(1) Application. Applicants seeking admission to this Bar on the basis of a UBE score attained in another jurisdiction shall submit to the Director an application in a format approved by the Committee. The content of the application shall be confidential except upon order of the court.

(2) Fees. The application shall be accompanied by (1) a payment to the Clerk, D.C. Court of Appeals, in an amount and form approved by the Committee and specified by the Director, and (2) payment to NCBE, or proof of payment to NCBE, in an amount and form specified on the application form.

(3) Admission Requirements. An applicant may, upon proof of good moral character as it relates to the practice of law, be admitted to the Bar of this court on the basis of a UBE score attained in another jurisdiction provided that:

(A) The combined UBE scaled score, as certified by NCBE, is not less than 266 (the passing combined UBE scaled score);

(B) The passing combined UBE scaled score was attained by taking the UBE not more than five years before the filing of the application; 

(C) The passing combined UBE scaled score was attained by taking the UBE no more than 4 times, including any attempts in the District of Columbia.

(D) The applicant has been awarded a J.D. or LL.B. degree by a law school which, at the time of the awarding of the degree, was approved by the ABA; or, if the applicant graduated from a law school not approved by the ABA, the applicant successfully completed at least 26 credit hours of study in a law school that at the time of such study was approved by the ABA, with all such 26 credit hours having been earned in courses of study, each of which is substantially concentrated on a single subject tested on the UBE; and

(E) The applicant has also taken the MPRE written and administered by NCBE and received the minimum required grade as determined by the Committee.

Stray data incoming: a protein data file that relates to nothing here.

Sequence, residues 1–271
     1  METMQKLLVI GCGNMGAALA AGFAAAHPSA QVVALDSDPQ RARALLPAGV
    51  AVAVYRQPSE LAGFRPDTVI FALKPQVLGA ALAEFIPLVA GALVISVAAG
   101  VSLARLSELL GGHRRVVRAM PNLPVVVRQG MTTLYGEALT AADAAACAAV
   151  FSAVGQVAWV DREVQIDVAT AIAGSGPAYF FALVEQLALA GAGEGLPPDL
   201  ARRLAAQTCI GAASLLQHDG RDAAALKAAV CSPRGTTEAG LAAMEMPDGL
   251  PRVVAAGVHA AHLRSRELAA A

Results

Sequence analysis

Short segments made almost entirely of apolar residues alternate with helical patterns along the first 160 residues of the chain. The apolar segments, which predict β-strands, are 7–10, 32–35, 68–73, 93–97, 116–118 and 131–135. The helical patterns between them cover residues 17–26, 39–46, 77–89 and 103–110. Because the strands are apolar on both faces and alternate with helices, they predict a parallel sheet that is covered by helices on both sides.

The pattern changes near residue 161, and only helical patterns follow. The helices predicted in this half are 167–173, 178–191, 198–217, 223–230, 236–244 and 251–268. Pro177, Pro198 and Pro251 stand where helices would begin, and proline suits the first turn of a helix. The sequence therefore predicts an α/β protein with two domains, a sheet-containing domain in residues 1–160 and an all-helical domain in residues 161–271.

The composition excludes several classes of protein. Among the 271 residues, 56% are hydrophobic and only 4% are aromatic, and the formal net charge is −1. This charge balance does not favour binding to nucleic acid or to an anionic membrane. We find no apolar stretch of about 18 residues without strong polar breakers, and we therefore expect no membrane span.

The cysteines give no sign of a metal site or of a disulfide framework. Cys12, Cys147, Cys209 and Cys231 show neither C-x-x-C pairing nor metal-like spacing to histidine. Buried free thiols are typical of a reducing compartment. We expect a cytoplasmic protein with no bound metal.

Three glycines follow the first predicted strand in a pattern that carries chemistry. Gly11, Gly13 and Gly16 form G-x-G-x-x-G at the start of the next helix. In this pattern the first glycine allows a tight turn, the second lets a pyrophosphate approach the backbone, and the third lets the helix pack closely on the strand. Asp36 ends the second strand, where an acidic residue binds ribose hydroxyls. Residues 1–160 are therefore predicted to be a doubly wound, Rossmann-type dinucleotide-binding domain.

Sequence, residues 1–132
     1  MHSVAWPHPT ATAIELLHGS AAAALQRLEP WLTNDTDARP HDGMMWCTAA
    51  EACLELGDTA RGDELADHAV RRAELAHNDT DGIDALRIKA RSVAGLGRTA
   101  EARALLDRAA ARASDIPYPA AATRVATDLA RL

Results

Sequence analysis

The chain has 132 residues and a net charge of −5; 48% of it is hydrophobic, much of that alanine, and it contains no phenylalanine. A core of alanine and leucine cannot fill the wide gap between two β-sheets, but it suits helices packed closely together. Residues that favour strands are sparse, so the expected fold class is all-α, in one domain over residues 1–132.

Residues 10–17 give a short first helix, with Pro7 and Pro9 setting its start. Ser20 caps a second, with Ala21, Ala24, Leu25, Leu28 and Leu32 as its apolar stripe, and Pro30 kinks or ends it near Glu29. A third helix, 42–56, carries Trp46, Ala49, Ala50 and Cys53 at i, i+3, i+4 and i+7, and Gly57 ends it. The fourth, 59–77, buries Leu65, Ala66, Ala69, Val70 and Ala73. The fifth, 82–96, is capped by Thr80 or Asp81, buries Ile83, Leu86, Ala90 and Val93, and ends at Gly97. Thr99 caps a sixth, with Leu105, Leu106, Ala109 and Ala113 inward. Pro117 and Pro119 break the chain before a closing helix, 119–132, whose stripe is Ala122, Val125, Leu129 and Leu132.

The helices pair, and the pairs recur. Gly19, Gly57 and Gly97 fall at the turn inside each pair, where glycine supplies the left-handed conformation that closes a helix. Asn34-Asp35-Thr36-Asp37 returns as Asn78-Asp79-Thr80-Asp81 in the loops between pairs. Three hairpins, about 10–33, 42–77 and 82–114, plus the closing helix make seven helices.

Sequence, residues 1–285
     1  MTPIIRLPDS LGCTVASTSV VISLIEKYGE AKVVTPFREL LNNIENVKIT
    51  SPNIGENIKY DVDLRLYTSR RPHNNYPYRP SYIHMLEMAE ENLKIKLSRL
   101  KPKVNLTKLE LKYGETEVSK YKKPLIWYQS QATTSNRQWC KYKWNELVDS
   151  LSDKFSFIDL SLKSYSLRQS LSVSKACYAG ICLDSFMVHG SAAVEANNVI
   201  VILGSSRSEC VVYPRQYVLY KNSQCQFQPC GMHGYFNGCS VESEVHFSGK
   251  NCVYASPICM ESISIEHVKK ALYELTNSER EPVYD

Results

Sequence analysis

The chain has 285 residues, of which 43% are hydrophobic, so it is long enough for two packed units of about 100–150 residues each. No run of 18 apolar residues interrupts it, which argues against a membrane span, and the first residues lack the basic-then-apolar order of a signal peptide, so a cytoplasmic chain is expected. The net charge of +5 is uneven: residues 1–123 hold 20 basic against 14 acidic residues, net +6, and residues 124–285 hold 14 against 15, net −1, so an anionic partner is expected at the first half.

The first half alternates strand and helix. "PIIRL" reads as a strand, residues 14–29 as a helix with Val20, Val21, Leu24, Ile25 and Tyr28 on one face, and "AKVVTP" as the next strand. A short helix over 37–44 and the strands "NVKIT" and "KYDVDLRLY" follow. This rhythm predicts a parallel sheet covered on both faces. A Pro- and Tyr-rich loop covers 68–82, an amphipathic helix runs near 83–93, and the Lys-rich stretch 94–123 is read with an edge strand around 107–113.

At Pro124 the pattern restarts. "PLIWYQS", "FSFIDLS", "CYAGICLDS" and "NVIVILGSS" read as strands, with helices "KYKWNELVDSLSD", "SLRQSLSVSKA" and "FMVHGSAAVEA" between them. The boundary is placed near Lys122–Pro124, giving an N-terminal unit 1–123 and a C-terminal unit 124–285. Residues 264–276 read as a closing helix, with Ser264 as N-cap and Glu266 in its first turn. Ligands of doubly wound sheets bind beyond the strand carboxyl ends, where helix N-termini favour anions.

When the Maryland Board of Law Examiners, DC Bar Committee on Admissions, or any character committee questions your character and fitness for bar admission, bar applicants should retain an attorney to assist in disclosing information relevant to character and fitness, to guide them through the bar admissions process, and to represent applicants in character committee hearings and in hearings before the Court of Appeals to determine whether they are fit to practice law. Character and fitness concerns may arise in connection with prior criminal convictions, academic dishonesty and honor code violations, addictions, drunk driving, neglected debts, and a failure to disclose material information on law school applications or on bar applications. If you have a history of misconduct, traffic citations, crimes, arrests and other facts to disclose in response to the character portion of the Maryland Bar Application or the DC Bar's NCBE application, you should strongly consider retaining bar admissions counsel if you want to avoid denial of a law license and get a license to practice law. This is even true for applicants for admission to law schools as these applications ask similar questions about character. A failure to disclose facts material to your admission could result in a denial of bar admission.


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